Shall we worship this unnatural, lascivious Moloch? Shall we bow down before the shrine of this foetid, corrupt and debauched monster? No! We will worship the Lord our God, yield obedience to his behests, and, if we are faithful, live our religion and keep his commandments, the God whom we worship will deliver us out of the hands of our enemies, and we shall triumph over all our foes.
There have been men living nearer our own times who could meet the inquisition with its fagot, rack and thumbscrew, and in the midst of their sufferings could commit themselves in all serenity and calmness into the hands of God; and we can surely do the same. If the rulers of this nation can afford to tamper with the sacred rights of the people guaranteed by the Constitution of this great nation, and ruthlessly tear down the temple of freedom erected at the cost of so much blood and treasure, instead of anticipated glory, they will bring destruction upon the nation and ruin and infamy upon themselves. The sacred bulwarks of freedom once tampered with, the floodgates of anarc[h]y and confusion will be thrown open and dissolution and ruin will follow in their train in rapid succession. It is for us to sustain and maintain the principles guaranteed in that sacred palladium of human rights—the Constitution of the United States, and to contend inch by inch in every legal and constitutional manner for our own rights and human freedom, leaving misrule, anarchy, violations of law and the trampling under foot of the rights of man and constitutional guarantees to religious fanatics and clamoring demagogues; and if they can afford to tamper with those sacred guarantees, we certainly can afford to have them do it. It is for us to seek more exalted ideas, to abide by constitutional law, to maintain inviolate the principles of human freedom, and to contend with unwavering firmness for those inalienable rights of all men—life, liberty and the pursuit of happiness; and to seek continually to our God for wisdom to accomplish so great, noble and patriotic a purpose.
One of the first things I ever
heard preached by the Elders of this Church was that the world would grow worse and worse, deceiving and being deceived. Should we be surprised at its coming to pass? Another thing that I have heard from the beginning is, that people would persecute us, commencing with neighborhoods and villages, and then it would extend to cities and counties, and then to States, and then to the United States, and afterwards to the world. We have got about fifty millions of people on our backs now—and it is a pretty heavy load to carry, too; but the Lord will see us through. We are acting in the interests of humanity: we are proclaiming salvation to a fallen world, and in this we are carrying out the word and will of God made known and manifested directly to us. We are warning the people of their position, and we will continue to send forth our missionaries for this purpose until God says, it is enough. And if they persecute us in one city, we will do as Jesus told his disciples, we will flee to another, searching out the honest in heart. Persecution has been our lot from the beginning, and it has followed us to this day. I am reminded of a circumstance that occurred in Missouri, which I will mention to show the kind of feeling that Joseph Smith was possessed of. Some 25 years ago, in Far West, a mob—one of those semi-occasional occurrences—had come against us with evil intent, placing themselves in position to give us battle; and there were not more than about 200 of us in the place. We had one fellow who was taken with a fit of trembling in the knees, and he ordered our people to retreat. As soon as Joseph heard this sound, he exclaimed, "Retreat! where in the name of God shall we retreat to?" He then led us out to the prairie facing the mob and placed us in position; and the first thing we knew a flag of truce was seen coming towards us. The person bearing it said that some of their friends were among our people for whose safety they felt anxious. I rather think it was a case in which the wife was in the Church but not the husband, and the mob wished these parties to come out as they, he said, were going to destroy every man, woman and child in the place. But these folks had a little "sand" in them, as the boys say; they sent word back, that if that was the case they would die with their friends. Joseph Smith, our leader, then sent word back by this messenger, said he, "Tell your General to withdraw his troops or I will send them to hell." I thought that was a pretty bold stand to take, as we only numbered about 200 to their 3,500; but they thought we were more numerous than we really were, it may be that our numbers were magnified in their eyes; but they took the hint and left; and we were not sorry. (Laughter.) The Lord, through simple means, is able to take care of and deliver His people, but they must put implicit faith and confidence in Him; and when they are crowded into a tight place they must not be afraid to make sacrifice for the sake of maintaining the truth, and all will be well with us whether living or dying, in time or in eternity.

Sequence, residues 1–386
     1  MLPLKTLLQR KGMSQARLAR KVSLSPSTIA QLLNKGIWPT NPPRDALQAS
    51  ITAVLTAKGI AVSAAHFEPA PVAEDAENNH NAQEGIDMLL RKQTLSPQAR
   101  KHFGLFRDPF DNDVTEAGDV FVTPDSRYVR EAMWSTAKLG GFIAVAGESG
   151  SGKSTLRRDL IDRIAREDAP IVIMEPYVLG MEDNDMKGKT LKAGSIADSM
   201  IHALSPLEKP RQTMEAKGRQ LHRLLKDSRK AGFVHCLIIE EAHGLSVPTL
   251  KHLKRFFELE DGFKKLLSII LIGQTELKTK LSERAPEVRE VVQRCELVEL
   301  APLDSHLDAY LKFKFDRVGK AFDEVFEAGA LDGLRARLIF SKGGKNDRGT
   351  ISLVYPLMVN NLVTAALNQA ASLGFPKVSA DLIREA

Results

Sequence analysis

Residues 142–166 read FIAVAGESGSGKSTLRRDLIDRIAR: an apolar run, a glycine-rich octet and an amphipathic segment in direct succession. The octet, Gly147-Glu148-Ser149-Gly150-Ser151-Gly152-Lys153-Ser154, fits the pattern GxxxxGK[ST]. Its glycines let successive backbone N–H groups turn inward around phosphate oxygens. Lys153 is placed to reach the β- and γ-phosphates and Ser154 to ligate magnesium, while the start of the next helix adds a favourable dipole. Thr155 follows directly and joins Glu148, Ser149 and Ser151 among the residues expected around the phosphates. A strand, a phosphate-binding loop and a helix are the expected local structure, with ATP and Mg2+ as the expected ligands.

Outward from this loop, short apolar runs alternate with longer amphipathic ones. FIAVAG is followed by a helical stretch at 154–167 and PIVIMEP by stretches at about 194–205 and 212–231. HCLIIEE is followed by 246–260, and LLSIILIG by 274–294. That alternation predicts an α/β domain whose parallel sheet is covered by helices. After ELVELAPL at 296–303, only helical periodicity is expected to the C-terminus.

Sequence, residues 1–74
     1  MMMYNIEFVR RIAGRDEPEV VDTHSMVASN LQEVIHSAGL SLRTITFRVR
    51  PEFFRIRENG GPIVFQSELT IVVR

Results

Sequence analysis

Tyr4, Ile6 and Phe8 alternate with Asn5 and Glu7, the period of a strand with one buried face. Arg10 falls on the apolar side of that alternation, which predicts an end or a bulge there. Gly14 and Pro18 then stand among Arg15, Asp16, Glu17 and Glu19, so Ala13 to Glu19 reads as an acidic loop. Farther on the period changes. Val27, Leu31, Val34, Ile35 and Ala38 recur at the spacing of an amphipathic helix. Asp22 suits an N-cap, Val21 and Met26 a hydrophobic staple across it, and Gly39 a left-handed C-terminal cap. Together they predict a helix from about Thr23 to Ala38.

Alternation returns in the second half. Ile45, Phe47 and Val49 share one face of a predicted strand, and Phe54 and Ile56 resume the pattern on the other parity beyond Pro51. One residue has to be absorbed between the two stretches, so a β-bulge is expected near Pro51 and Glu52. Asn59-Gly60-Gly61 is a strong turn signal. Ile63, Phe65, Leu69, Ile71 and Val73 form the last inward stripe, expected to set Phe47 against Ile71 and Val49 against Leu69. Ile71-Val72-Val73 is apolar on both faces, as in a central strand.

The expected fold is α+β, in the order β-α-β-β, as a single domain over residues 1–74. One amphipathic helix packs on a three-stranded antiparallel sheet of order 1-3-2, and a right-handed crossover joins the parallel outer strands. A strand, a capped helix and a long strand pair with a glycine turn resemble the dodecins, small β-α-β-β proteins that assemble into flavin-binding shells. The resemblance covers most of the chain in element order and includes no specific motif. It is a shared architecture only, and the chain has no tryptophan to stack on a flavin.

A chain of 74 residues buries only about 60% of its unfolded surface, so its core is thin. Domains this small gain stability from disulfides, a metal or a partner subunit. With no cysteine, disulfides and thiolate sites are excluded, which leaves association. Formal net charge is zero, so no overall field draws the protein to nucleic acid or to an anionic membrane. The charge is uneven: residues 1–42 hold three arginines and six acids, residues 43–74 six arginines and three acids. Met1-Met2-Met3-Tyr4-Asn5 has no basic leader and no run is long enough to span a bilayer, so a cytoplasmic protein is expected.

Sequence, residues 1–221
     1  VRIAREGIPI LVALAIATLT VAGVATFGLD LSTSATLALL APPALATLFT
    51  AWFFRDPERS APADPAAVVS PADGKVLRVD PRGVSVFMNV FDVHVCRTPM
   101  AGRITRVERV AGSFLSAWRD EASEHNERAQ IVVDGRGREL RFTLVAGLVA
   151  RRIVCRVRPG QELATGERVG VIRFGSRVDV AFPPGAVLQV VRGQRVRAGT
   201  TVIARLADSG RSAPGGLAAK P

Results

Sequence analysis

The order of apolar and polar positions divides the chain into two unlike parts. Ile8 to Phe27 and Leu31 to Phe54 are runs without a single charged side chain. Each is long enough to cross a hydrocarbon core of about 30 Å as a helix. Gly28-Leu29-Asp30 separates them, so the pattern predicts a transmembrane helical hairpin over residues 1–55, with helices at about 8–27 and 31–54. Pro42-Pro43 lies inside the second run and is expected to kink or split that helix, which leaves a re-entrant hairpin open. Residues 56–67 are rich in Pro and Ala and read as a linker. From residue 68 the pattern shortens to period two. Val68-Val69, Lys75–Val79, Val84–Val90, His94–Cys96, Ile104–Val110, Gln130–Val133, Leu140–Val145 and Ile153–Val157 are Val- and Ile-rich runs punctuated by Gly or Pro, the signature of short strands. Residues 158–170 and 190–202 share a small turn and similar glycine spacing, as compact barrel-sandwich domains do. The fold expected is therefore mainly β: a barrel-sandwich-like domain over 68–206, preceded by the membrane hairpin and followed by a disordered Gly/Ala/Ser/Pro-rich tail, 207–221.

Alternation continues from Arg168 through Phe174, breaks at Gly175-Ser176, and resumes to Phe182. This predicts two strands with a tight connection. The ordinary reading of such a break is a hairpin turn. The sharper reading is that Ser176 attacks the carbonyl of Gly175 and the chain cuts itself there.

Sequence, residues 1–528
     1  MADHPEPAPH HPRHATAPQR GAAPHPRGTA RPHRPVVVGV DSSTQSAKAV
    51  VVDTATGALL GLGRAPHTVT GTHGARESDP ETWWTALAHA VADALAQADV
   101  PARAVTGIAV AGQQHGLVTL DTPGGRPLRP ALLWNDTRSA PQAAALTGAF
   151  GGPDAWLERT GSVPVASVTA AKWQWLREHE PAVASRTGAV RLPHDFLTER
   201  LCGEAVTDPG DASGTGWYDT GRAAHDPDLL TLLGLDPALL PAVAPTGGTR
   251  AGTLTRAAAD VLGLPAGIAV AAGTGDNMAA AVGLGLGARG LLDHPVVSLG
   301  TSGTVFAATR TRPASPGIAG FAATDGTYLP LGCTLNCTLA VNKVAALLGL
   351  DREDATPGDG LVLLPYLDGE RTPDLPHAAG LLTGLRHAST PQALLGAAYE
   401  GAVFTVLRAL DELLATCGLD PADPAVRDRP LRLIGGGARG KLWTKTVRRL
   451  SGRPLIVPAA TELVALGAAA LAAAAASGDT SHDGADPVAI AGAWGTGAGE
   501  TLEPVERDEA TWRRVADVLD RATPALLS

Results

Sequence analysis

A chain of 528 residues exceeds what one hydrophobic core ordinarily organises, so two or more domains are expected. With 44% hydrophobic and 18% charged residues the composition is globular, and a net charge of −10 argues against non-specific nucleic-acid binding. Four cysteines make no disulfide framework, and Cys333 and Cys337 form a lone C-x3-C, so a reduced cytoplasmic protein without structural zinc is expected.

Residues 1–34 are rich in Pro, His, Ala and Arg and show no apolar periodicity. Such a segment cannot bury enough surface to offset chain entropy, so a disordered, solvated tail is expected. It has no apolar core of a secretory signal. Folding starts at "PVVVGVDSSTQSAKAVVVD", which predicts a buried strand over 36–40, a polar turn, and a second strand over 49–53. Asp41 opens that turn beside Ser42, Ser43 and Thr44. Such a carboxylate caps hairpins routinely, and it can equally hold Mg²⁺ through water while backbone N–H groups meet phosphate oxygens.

Well, what shall we do? We will serve the Lord; we will live our religion; we will be true to our covenants, keep his commandments and be one, and we will sustain one another, and not sustain men among us who have it in their hearts to cut our throats; let them alone to pursue their own course, and let them draw their sustenance from
their own kith and kin; and let us pursue the even tenor of our way, operating together as a band of brethren; and if any have sinned, let them sin no more; and inasmuch as this people are found faithful to God and true to themselves and their fellow-men, I will risk the results of what our enemies may do to injure us. We are in the hands of God, and this nation is in His hands, and he will do with us and them according to the pleasure of His will.
Brethren and sisters, God bless you, and God bless the honorable of the earth, and may the wrath of the wicked be made to praise Him, and the remainder may He restrain. Amen.